Saturday, June 3, 2017

Alternatives to Comcast TV and Internet

I cut the cable TV cord at my Washington State summer house and put up an antenna.  It gets the five major networks, in really nice HD.

I also stopped using Comcast for my Internet at my WA state summer house.  The blog post below describes the options anyone might have if they want to stop using cable Internet for a while.


A neighbor near my Washington State summer house recently wrote:
"I've had enough of Comcast and all thier bull s***. I ca'nt find anyone who offers internet out here.
Do you have any ideas on how we can get internet?."


I wrote back:

I had enough of Comcast too!  ...

I have some solutions for you, but what has worked for me may not work for you. 

First thing was getting rid of cable TV and putting up that giant antenna.  It gets all five major networks, which is fine with me.  However, it is getting stations from 30 to 42 miles away, and it cuts out during low tides.  The TV signals travel across water better.  I am bringing a new TV antenna (smaller) that I've just had good luck with here in Pacific Grove, where I am also fed up with Comcast.   I want to test it against the giant one.  (Conclusion, the giant antenna works better than the one I tested in PG).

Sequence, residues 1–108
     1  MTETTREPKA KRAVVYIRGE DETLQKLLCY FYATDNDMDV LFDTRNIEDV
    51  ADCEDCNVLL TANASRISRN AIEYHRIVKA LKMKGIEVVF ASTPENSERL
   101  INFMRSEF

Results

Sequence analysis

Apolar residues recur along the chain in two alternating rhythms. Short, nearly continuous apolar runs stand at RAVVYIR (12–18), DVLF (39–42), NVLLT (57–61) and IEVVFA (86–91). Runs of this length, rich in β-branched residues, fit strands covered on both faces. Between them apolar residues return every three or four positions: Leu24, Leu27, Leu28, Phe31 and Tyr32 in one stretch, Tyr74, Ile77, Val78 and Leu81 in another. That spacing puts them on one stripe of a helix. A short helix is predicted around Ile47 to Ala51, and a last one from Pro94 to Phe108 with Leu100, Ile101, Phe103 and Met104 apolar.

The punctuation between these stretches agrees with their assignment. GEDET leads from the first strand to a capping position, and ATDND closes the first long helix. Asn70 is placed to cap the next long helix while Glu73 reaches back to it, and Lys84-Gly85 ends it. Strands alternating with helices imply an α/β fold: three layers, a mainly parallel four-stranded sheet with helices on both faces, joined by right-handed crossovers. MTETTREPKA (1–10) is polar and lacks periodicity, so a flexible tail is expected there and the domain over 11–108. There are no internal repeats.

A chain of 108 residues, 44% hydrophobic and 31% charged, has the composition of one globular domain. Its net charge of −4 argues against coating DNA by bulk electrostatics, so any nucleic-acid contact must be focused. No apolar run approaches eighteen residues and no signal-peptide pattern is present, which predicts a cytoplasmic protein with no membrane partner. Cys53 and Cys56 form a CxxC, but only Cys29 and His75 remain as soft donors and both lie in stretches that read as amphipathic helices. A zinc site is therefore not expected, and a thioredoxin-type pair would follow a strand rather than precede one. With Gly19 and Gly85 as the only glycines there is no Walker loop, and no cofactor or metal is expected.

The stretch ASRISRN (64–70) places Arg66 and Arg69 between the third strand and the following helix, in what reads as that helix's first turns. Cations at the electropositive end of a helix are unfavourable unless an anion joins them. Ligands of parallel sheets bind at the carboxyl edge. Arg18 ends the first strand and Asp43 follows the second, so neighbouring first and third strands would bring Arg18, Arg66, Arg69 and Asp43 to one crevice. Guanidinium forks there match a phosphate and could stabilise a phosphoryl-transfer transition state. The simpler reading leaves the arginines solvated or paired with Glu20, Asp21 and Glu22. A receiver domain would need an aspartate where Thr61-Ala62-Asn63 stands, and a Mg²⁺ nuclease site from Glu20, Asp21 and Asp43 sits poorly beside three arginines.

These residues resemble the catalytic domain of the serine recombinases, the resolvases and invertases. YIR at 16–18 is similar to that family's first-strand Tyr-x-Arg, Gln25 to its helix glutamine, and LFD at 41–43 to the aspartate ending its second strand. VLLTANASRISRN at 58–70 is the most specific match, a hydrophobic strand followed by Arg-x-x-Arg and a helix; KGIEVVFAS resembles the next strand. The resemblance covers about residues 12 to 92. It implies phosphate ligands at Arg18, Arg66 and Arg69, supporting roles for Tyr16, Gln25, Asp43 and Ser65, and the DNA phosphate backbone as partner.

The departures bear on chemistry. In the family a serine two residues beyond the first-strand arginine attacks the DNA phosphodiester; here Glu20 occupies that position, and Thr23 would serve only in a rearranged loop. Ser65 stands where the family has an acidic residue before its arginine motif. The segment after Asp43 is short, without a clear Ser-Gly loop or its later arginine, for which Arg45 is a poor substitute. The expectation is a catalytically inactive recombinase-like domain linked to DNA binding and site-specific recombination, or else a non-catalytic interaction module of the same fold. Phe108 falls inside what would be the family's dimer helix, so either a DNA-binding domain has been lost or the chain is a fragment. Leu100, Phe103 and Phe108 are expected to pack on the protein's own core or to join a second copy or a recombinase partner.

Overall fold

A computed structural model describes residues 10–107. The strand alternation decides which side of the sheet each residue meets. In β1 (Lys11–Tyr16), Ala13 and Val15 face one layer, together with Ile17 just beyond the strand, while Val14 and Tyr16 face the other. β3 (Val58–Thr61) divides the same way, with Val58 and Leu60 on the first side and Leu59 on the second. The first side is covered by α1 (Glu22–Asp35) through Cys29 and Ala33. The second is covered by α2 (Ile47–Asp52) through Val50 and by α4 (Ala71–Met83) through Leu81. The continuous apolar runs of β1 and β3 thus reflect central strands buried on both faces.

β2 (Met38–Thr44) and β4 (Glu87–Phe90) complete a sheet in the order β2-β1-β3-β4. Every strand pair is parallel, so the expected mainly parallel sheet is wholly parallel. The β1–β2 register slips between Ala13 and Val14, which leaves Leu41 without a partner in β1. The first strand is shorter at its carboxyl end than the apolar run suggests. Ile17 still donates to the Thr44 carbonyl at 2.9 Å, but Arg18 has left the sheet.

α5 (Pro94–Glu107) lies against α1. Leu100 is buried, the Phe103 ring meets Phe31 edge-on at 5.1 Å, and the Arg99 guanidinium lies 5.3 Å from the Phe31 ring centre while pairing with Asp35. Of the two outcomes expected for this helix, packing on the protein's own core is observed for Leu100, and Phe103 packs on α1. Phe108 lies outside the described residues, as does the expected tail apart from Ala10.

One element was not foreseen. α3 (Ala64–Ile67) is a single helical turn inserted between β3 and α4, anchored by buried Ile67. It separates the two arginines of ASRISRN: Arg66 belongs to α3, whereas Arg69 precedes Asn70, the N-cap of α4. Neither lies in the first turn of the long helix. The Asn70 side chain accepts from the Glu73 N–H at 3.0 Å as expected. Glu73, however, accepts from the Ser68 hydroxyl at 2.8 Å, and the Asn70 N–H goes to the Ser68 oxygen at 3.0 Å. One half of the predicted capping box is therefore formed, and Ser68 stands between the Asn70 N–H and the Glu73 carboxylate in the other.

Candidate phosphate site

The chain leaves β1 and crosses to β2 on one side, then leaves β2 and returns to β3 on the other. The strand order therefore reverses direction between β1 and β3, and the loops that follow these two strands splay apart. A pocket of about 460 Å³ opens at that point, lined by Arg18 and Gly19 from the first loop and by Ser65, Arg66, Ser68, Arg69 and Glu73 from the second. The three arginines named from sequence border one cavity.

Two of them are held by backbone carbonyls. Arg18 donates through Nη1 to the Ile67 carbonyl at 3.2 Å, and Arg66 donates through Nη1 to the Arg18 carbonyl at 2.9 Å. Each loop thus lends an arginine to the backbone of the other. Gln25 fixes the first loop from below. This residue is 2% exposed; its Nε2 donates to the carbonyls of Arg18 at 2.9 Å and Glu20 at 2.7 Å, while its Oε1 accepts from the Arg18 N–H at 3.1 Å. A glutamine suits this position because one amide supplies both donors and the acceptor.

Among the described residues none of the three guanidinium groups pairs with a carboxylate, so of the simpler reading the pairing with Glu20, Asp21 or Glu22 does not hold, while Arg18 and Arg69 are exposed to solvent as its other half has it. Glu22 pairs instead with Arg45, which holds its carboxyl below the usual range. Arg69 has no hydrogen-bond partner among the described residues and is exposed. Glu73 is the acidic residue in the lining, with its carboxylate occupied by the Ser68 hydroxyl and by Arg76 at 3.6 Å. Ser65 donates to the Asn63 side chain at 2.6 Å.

That leaves internet.  You told me once that you streamed Netflix.  That could be a problem, because streaming video takes up lots of data.  I've been getting by in Olympia by using and buying cell phone data from Verizon and Sprint networks.  AT&T and T-Mobile cell networks don't work well at my place.  I have 500Mb of free data on every Freedompop hotspot and phone that I carry with me, and I have about four of them.  But those all together are only 2.0Gb per month. 

I used to get by just fine for a few weeks in Olympia with just 2Gb per month, but it's been getting harder and harder to do so.  A lot of these computer and tablet manufacturers automatically upload updates to, for instance, an iPad -- and those updates might be 1.5Gb in size.  That's most of my free allotment right there.  Web pages are getting more and more dense with data.